Winter Olympics Opening Ceremony: Jamaica's Bobsled Team, an Oiled-Up Flag Bearer and More
By Paige Gawley
MANAN VATSYAYANA/AFP via Getty Images
The 2022 Winter Olympics are underway! The opening ceremony was held on Friday, at Beijing's National Stadium, which is also known as the "Bird's Nest," and signaled the official start of the Games.
The Parade of Nations, the part of the ceremony that highlights each competing nation in the Games, featured many standout moments including a shirtless skeleton competitor, a long-awaited moment for Jamaica, and a Ralph Lauren-clad Team USA.
While the U.S. counted its second-largest Olympic delegation in history, other countries had just one athlete set to compete on their behalf. It all came to a close with an epic torch lighting that differed from years past.
Keep reading for the five biggest moments from the opening ceremony.
American Samoa Offers a Replacement for Tonga's Shirtless Athlete
With Tonga's Pita Taufatofua sitting out the Olympics for the first time since 2014, fans worried that the cross-country skier's absence would mean they'd be deprived of a shirtless, oiled-up athlete during the Parade of Nations. They needn't have been concerned, as American Samoa's Nathan Crumpton happily stepped into the role.
The skeleton competitor delighted viewers when he came out for the event in traditional American Samoa garments, save a shirt. Crumpton, the lone American Samoa competitor, served as the flag bearer for his country.
Crumpton nabbed Taufatofua's approval with his appearance, with the former Olympian tweeting, "American Samoa holding the fort."
The Single-Athlete Countries
American Samoa isn't the only country to send a singular athlete to the Games.
Albania, Eritrea, Ecuador, Kyrgyzstan, Malta, Morocco, Saudi Arabia, Pakistan, Timor-Leste, India, Nigeria, Uzbekistan, Virgin Islands, Cyprus, Philippines and Ghana are also represented by just one person, most of whom are Alpine skiers.
Peru and Haiti are in the same boat, each represented by one Alpine skier, Ornella Oettl Reyes for the former country and Richardson Viano for the latter. The two countries have something else in common, as the 2022 Games marks their first appearance at a Winter Olympics.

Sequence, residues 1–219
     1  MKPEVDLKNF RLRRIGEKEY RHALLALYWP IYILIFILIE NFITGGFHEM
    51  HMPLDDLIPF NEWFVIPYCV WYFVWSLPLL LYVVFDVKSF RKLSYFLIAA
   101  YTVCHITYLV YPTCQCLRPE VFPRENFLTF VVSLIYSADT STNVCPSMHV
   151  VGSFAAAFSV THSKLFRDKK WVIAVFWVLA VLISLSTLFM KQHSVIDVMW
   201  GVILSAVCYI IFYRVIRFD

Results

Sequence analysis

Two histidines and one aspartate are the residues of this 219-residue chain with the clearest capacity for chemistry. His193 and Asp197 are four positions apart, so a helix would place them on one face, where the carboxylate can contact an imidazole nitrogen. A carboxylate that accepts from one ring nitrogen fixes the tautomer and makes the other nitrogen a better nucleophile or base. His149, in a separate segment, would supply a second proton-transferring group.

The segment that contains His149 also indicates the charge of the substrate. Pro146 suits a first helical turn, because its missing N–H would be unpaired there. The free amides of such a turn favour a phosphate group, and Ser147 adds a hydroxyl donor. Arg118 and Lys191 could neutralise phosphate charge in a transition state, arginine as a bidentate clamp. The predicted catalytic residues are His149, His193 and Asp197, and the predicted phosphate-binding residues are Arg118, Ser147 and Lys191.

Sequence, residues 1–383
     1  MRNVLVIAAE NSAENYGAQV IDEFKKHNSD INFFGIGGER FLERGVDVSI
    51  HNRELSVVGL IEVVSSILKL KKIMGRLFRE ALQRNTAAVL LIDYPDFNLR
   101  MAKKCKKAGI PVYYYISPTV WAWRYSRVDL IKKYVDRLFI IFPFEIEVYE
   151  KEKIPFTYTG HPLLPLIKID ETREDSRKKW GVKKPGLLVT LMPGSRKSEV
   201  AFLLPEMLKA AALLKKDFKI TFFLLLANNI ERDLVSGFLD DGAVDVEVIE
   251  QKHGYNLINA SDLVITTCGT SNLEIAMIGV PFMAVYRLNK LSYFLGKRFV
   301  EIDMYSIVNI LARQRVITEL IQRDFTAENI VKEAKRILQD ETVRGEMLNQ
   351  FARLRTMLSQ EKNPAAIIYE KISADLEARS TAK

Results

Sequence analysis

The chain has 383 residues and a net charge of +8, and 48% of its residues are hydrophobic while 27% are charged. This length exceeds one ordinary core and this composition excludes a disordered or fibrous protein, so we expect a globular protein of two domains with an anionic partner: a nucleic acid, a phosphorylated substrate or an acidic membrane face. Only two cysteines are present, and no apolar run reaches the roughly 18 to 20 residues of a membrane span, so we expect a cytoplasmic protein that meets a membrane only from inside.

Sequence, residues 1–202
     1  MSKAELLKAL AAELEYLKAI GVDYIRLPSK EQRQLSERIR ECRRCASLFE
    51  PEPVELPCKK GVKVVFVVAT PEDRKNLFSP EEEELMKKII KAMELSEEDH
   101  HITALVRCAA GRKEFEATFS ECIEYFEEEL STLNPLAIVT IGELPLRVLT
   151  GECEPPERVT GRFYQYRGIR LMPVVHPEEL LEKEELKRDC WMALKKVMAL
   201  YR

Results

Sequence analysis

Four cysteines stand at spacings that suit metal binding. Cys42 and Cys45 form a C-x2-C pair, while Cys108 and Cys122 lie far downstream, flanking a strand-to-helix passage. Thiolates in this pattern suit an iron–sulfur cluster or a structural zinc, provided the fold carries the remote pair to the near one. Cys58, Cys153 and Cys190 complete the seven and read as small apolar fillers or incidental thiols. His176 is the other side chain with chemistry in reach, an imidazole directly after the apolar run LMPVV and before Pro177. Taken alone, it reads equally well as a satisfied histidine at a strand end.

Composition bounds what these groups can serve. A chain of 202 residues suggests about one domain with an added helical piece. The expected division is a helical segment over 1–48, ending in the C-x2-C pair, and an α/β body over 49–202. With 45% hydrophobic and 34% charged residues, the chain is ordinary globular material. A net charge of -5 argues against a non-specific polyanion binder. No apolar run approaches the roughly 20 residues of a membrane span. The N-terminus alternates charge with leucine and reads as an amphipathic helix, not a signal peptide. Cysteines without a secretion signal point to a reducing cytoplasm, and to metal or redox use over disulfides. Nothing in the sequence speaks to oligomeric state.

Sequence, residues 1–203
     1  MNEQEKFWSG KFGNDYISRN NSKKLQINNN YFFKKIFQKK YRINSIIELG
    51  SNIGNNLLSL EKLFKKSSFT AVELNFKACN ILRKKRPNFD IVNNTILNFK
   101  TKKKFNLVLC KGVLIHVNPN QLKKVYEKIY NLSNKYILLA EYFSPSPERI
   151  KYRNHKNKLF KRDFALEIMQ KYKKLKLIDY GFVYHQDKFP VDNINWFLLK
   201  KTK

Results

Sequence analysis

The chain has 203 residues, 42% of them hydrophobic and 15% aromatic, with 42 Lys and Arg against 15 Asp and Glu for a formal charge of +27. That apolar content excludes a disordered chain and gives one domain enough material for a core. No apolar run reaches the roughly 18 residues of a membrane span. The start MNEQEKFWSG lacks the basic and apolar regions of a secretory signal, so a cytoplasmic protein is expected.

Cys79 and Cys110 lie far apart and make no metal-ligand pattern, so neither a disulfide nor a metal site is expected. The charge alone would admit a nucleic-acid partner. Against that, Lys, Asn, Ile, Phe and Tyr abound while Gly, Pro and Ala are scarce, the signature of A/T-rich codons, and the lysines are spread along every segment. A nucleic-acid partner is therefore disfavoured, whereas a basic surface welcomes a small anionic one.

The Four-Man Jamaican Bobsled Team Returns
Jamaica's four-man bobsled team is back. The country's team made headlines when it first competed at the 1988 Games, a story that was eventually chronicled in the 1993 flick Cool Runnings.
The Jamaican four-man last qualified for the Winter Games in 1998, but are making their return this year, more than two decades later.
"We're more than just a movie," Shanwayne Stephens, one of the team members, told the Olympics' official website. "We want to show we're actually fierce competitors and we're out there to put on a really good performance at the Games."
In an interview with the Today show last month, Stephens added, "We've put in a lot of hard work the last four years to achieve what we've achieved. Over the lockdown, we've come up with a way to get our own training done, we didn't want to leave any stone unturned when it came to qualifying for the Games, so we can now look back and say, 'We did everything we could've done to achieve our goal.'"
Team USA Is Ready to Compete
The United States entered the Parade of Nations with speed skater Brittany Bowe and curler John Shuster as flag bearers. The latter made history as the first curler to carry the U.S. flag during the opening ceremony, according to USA Curling.
Meanwhile, Bowe wasn't initially tasked with being a flag bearer, but stepped in to replace bobsledder Elana Meyers Taylor, who tested positive for COVID-19.
Bowe and Shuster led out a record number of U.S. athletes at the opening ceremony, all of whom are part of the second-largest delegation in U.S. history.
Snowboarder Shaun White took fans inside Team USA's opening ceremony adventures with several posts on his Instagram Story.
The Olympic Cauldron Is Lit
At the conclusion of the opening ceremony, Chinese athletes Dinigeer Yilamujiang and Zhao Jiawen, a cross-country skier and Nordic combined competitor, respectively, served as the last two torch bearers.
Instead of lighting a traditional cauldron, the athletes lit the center of a giant snowflake, which was made up of smaller snowflakes that featured the names of every participating country.
After the athletes placed the torch inside of the snowflake, it was lifted into the air.